URI’s Talent Development program to celebrate 50 years this fall

Initiative serves Rhode Island students from underserved backgrounds

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KINGSTON, R.I., August 21, 2018 — From its first class of 13 students in 1968, the University of Rhode Island’s Talent Development program has grown into a large and thriving program that gives underserved Rhode Islanders a chance to earn a University degree.

Now 50 years and more than 3,580 graduates later, the program is celebrating its golden anniversary and marking the success of students and alumni who work in nearly every professional field imaginable.

On Oct. 6 at 5 p.m., Talent Development staff, alumni and friends will gather to celebrate the long history and bright future of the program at the Omni Providence Hotel, 1 West Exchange St., Providence. Tickets to the event are $50 and proceeds will benefit the TD Nation Foundation Fund. Scholars who graduated from the program within the past 10 years can purchase tickets for $35.

A brief speaking program will kick off the celebration, followed by dinner and an evening of dancing, reuniting and reminiscing. Attendees can look forward to a silent auction and a commemorative video that will highlight representatives from each of the decades of Talent Development at URI.

“What a night this is going to be,” said Gerald Williams, director of Talent Development and a proud graduate of the program. “We invite our alumni, staff, students and faculty who have helped make Talent Development the excellent program it is today. We’ll shine the spotlight on our history, the big events, the outstanding personal accomplishments of our graduates and all that Talent Development has meant to URI. We invite the entire URI community to join us as we look forward to another great 50 years. Bring your dancing shoes and your stories.”

Williams said the program will honor three individuals who provided the foundation for the program, Harold V. Langlois, a 1967 graduate who designed the original program as a 24-year-old; the Rev. Arthur L. Hardge, one of the original leaders of the program; and Leo F. DiMaio Jr., who served the program from 1969 until his retirement as director in 1998. Talent Development was born in the summer of 1968 as a result of the assassination of Dr. Martin Luther King Jr. and under the leadership of Langlois, Hardge and DiMaio.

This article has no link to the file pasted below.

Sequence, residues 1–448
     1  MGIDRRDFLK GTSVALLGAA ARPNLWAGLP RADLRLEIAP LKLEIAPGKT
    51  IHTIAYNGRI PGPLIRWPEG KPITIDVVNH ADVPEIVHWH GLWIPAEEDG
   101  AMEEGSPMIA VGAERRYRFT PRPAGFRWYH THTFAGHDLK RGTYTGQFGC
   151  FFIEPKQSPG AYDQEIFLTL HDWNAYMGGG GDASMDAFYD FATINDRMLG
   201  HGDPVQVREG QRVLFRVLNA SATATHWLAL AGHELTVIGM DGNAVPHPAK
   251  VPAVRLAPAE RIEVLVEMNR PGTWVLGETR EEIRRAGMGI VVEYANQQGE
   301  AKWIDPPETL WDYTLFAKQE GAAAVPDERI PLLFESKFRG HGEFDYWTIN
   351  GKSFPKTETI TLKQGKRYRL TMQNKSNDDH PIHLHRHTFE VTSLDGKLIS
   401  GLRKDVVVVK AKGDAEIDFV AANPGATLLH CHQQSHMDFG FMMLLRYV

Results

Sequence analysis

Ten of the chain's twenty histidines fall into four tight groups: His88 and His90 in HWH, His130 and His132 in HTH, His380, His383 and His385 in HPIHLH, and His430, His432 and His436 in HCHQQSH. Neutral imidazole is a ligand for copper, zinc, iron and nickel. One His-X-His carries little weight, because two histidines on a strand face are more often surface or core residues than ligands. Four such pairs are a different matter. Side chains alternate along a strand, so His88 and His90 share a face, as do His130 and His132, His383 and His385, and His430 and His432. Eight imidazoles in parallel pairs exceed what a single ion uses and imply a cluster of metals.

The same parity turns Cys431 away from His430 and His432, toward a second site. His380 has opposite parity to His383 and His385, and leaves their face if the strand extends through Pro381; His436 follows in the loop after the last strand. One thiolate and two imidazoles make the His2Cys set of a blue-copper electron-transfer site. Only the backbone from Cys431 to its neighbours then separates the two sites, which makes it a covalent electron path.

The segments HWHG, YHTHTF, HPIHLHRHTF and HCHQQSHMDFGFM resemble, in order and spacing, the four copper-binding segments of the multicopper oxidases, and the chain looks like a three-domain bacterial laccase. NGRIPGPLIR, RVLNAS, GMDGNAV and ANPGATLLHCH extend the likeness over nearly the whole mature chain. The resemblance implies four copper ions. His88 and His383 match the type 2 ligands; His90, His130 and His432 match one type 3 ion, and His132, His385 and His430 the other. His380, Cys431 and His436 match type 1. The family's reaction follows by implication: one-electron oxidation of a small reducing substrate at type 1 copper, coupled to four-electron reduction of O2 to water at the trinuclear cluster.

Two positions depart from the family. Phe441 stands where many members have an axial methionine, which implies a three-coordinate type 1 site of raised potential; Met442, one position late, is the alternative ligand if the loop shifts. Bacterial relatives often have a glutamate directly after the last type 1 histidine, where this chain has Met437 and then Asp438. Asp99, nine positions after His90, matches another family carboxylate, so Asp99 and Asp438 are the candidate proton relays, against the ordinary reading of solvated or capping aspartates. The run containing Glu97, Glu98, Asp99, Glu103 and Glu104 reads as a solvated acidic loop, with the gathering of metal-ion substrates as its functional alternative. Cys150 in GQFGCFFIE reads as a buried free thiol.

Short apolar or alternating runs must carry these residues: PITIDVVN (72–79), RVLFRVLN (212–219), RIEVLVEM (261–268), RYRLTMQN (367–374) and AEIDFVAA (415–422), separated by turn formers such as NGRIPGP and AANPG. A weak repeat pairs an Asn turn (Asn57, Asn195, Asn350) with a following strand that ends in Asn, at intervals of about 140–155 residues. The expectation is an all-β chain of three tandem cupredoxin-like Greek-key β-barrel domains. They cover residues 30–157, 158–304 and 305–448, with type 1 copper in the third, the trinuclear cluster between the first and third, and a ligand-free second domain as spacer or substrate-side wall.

Talent Development enrolls more than 1,200 scholars, whose majors span pre-medicine to fine arts and everything in between. The program operates under four core values that spell out RAMS: respect, academic achievement and excellence, mental health and wellness and scholar success.

“For the last 50 years, the Talent Development program has contributed substantially to providing access to URI for underrepresented minority and educationally disadvantaged students from the state of Rhode Island,” said Kathy Collins, vice president for Student Affairs. “Since its formation, the staff in Talent Development have been dedicated to its access mission. As we plan for the program’s next 50 years, we are laser-focused on both access and academic success, including graduation, of our Talent Development Scholars.”

Sponsors for the event include Cox Communications, Pannone Lopes Devereaux & O’Gara LLC, DLA Piper Global Law Firm, Plourde, Bogue, Moylan & Marino, LLP and other anonymous donors. 

Olivia Ross, an intern in the Marketing and Communications Department at URI and a public relations major, wrote this press release.